Key words: calcium superphosphate, p-solubilizing microbes, acid phosphatase, alkaline phosphatase.


 

 

Introduction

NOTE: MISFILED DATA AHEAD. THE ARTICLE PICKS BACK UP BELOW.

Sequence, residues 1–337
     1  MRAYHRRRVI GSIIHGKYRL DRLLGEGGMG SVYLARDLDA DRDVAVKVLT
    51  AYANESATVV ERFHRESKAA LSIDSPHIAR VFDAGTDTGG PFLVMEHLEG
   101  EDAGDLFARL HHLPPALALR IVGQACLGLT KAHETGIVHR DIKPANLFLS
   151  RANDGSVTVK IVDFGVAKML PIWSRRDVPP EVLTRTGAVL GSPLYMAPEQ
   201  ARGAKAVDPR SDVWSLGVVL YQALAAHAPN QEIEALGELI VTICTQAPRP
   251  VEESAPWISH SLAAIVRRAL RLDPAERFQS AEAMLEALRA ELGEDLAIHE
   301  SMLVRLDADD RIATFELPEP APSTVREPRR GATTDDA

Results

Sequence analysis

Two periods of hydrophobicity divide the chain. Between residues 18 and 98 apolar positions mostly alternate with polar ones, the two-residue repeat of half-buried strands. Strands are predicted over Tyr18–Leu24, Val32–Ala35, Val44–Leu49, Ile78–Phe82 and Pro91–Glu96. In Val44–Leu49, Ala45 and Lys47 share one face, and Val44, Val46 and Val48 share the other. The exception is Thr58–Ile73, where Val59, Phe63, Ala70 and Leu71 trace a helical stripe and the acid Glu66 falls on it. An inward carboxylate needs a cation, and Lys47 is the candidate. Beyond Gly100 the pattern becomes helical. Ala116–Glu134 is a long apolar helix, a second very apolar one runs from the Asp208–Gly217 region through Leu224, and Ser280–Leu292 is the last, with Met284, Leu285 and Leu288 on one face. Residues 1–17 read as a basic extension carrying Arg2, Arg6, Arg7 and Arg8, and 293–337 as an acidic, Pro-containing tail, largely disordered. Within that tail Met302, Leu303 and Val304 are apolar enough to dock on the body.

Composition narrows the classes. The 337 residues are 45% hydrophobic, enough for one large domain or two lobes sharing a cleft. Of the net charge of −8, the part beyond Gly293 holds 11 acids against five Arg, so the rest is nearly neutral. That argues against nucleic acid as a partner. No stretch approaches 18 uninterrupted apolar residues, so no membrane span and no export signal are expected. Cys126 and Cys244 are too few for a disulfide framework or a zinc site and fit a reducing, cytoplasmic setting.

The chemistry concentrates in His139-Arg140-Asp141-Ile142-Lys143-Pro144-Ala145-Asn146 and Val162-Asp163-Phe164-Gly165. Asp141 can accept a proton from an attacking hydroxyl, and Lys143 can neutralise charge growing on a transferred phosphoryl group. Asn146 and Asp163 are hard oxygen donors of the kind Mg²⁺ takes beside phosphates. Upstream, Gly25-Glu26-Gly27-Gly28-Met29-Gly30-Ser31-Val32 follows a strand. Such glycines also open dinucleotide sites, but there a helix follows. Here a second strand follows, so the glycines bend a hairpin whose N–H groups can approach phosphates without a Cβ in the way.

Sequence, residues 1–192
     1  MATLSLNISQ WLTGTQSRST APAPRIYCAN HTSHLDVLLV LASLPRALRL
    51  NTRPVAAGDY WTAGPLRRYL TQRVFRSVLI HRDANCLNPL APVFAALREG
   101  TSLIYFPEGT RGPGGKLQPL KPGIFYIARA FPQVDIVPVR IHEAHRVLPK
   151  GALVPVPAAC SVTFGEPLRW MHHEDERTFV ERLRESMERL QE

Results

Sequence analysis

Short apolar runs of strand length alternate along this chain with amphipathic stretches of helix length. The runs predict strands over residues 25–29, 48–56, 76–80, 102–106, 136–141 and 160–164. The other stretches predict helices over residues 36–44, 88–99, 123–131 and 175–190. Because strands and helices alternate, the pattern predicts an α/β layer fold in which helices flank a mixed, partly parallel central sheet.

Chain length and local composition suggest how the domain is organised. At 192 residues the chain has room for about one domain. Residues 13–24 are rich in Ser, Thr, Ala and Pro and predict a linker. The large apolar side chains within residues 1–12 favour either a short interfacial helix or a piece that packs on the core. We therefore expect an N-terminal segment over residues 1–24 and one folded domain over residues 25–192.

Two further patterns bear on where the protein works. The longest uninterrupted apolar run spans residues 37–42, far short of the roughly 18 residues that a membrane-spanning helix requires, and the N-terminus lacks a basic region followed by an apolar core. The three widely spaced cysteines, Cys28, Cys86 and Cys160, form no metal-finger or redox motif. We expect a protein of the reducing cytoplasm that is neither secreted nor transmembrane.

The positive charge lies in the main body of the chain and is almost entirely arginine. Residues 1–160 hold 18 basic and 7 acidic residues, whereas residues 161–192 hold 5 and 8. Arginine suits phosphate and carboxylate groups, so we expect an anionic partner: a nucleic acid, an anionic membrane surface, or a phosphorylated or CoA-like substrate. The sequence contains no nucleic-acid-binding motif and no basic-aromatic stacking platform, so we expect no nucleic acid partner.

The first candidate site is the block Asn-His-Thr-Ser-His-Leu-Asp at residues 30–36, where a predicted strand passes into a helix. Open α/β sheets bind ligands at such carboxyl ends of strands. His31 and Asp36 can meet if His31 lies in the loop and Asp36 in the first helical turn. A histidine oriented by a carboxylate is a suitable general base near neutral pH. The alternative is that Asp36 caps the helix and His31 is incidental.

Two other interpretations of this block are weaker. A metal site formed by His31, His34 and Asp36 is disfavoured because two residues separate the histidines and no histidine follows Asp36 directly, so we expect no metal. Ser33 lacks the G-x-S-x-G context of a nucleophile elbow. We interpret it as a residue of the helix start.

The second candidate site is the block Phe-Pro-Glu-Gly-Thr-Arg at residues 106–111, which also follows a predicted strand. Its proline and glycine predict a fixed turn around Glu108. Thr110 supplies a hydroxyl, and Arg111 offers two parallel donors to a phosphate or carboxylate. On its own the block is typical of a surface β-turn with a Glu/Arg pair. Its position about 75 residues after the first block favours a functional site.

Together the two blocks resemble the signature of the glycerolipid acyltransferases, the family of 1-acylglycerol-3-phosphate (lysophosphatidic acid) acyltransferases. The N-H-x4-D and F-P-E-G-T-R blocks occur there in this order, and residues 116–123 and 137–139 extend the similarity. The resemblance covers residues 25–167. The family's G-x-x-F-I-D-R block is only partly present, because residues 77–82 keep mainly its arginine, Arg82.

The supply of phosphorus (P) in adequate amounts is very critical for normal plant growth and development (Bhardwaj 2011; Bressan 2001; Marcos et al., 2003). Although soils generally contain a large amount of total P, only a small proportion is immediately available for plant uptake (Keziah et al., 2012). Soil P is mostly associated with particles, and the concentration in soil solution is low, while available P and total P of soil were extremely positive correlative with those of groundwater P must be released from the particles in order to be available to plants. Phosphate movement in soils is present in both dissolved and particulate forms (Zhang et al., 2003). Once chemical fertilizer is added into the soil, chemical, biochemical, physical and biological reaction are taking place, which leading to transformation of configuration of fertilizer (Shen and Jiang, 1992). For example, the solubilization of monocalcium phosphate in soil solution is characterized by formation of CaHPO42H2O and release of H3PO4 (Wang et al., 2003). Fixed mechanism of P includes physical and chemical absorption, anion exchange, surface precipitation and separation of solid phase precipitation (Zhang and Li, 1998). Much phosphate is fixed, available P to meet the need of plants is probably low. Phenomenon of P deficiency in calciform soil of North China is ubiquitous. When available P of soil exceeds a certain value, P fertilizer infliction could lead to no effect, even to a reduction of output. The efficiency of P fertilizer mainly depends on available P, which have nothing to do with agrotype.